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Regions are no longer a 'safe haven' as rentals rocket by 12.4 per cent

Statewide

Regional Australia is in danger of losing its reputation as a refuge for affordable housing as rents climb across the country, sparking calls for the Commonwealth to intervene.

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Rent inflation in the regions escalated to a “remarkable” 12.4 per cent in the year to August 2021, a new report from the University of New South Wales and the Australian Council of Social Service says.

Nationally, the figure compares to increases accelerating to over 8 per cent by the third quarter in 2021, the fastest rate for well over a decade and well ahead of wage growth at 1.7 per cent, the report says.

Using regional Victoria as an example, the report says the proportion of tenancies affordable for low-income households declined from 41 per cent to 33 per cent in the year to the second quarter of 2021.

“Private rental supply fell by 6% in 2020-21 in regional NSW and by 15% in regional Victoria,” it says.

And the situation is expected to get worse with changes to the National Rental Affordability Scheme, ACOSS warns.

The program has funded 38,000 newly built rental homes, rented at 75 to 80 per cent of the market rate.

Over the next three years, rent restrictions attached to some 22,000 of these affordable homes will expire, CEO Cassandra Goldie says.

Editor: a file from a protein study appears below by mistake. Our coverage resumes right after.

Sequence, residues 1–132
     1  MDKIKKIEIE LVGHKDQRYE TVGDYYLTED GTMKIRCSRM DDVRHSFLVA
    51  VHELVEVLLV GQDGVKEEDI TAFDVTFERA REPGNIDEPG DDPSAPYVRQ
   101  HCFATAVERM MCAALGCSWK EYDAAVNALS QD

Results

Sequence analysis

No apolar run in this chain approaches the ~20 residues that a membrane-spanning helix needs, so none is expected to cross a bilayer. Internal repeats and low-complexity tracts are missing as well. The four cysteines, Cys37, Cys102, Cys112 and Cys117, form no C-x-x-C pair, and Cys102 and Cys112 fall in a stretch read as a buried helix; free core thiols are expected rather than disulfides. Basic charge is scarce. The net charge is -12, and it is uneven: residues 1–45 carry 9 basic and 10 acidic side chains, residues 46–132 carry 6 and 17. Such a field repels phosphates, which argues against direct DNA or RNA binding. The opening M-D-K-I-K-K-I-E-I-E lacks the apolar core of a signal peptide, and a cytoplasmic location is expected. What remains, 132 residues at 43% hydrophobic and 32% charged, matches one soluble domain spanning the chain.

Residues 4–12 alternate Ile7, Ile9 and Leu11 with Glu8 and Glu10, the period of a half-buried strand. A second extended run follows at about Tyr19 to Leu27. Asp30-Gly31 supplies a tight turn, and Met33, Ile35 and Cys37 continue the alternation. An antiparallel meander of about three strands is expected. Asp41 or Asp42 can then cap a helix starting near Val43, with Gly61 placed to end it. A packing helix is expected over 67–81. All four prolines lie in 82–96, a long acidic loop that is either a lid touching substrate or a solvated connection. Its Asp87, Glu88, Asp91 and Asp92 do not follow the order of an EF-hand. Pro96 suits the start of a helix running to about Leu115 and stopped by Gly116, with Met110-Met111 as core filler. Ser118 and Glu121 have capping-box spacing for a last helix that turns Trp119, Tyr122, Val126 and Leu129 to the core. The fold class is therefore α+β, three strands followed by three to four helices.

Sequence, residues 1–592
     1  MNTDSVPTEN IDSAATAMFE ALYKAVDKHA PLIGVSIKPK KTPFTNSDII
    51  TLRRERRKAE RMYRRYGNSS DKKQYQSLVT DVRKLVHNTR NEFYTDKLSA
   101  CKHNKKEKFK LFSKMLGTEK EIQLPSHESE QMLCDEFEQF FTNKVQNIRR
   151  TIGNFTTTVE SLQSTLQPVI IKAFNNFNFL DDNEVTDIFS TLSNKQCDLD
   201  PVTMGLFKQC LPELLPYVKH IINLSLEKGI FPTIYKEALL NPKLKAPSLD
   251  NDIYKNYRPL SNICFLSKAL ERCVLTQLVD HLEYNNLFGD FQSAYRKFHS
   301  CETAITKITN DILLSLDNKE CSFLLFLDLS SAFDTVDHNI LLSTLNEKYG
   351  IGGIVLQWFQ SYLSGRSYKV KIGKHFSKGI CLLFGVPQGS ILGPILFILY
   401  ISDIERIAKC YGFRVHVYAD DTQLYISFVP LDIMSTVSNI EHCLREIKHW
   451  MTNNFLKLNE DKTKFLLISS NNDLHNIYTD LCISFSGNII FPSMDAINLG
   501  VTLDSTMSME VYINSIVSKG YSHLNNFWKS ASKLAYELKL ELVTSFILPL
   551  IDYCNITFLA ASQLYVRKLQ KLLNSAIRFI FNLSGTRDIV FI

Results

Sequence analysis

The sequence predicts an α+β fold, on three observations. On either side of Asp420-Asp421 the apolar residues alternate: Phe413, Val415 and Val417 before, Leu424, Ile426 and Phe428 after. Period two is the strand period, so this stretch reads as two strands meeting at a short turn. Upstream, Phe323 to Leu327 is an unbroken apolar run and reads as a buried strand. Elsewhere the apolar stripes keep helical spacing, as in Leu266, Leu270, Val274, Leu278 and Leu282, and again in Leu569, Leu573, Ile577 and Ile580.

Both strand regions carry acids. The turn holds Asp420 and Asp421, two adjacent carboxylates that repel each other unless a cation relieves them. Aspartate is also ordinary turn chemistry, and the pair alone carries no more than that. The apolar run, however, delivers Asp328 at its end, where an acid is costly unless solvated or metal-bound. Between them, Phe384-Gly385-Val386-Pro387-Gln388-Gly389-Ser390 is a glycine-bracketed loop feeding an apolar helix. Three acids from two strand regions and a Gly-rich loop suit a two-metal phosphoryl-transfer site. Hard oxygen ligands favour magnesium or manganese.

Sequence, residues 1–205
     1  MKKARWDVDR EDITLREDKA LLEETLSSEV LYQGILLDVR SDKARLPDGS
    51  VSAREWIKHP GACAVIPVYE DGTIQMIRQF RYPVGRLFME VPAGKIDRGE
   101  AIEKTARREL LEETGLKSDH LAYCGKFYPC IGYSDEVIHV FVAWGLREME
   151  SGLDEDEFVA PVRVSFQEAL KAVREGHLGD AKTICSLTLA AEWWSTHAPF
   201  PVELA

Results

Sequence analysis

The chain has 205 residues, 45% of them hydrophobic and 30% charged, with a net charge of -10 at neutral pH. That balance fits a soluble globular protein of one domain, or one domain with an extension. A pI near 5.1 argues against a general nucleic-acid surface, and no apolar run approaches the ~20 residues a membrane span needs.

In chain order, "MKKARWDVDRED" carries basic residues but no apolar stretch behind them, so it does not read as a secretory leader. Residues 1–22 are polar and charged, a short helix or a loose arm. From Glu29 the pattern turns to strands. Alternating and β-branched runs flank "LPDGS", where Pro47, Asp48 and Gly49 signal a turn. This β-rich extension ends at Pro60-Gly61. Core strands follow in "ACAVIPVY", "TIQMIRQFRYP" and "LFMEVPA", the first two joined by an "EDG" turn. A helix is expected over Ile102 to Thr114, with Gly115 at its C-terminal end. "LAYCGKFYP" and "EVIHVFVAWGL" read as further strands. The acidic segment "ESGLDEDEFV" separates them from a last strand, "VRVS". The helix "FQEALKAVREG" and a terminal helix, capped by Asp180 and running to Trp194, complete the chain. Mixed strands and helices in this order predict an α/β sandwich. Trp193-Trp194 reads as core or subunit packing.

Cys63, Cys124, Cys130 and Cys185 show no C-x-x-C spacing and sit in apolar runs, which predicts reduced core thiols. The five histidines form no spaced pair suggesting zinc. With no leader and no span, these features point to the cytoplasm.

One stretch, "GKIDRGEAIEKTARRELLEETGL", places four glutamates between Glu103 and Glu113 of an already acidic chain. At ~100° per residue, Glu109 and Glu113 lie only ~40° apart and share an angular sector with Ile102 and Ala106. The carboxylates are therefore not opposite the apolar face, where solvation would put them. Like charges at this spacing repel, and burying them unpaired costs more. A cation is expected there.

More than 155,000 households are registered on social housing waiting lists across the country.

While state governments have done a good job responding to homelessness during the pandemic, the shortage of affordable housing means resources committed aren’t enough, Dr Goldie said.

Four state governments announced significant social housing construction programs as a component of post pandemic stimulus, adding up to nearly $10 billion over the next few years, the report notes.

“We need the Federal Government to step up and step back into this space and do some heavy lifting to both address the massive social housing shortfall and meet the future needs of a growing and ageing population,” Dr Goldie says.

The pandemic proved governments can “move fast to provide short-term temporary accommodation to rough sleepers while boosting investment in affordable housing”, Mission Australia CEO James Toomey said.

“”Alone, our States and Territories simply don’t have the resources to address Australia’s social and affordable home shortfall,” he says.

“We need a national plan to end homelessness where the Federal Government takes a lead role in investment and that can also leverage private investment to create significantly more social and affordable homes.”

ACOSS wants capital funding to build 20,000 new social housing dwellings, a 50 per cent boost of the Commonwealth Rent Assistance payment and a new investment scheme to support construction of affordable homes.

Labor has pledged to establish a Housing Australia Future Fund in government which will build 30,000 social and affordable homes across the country over five years.

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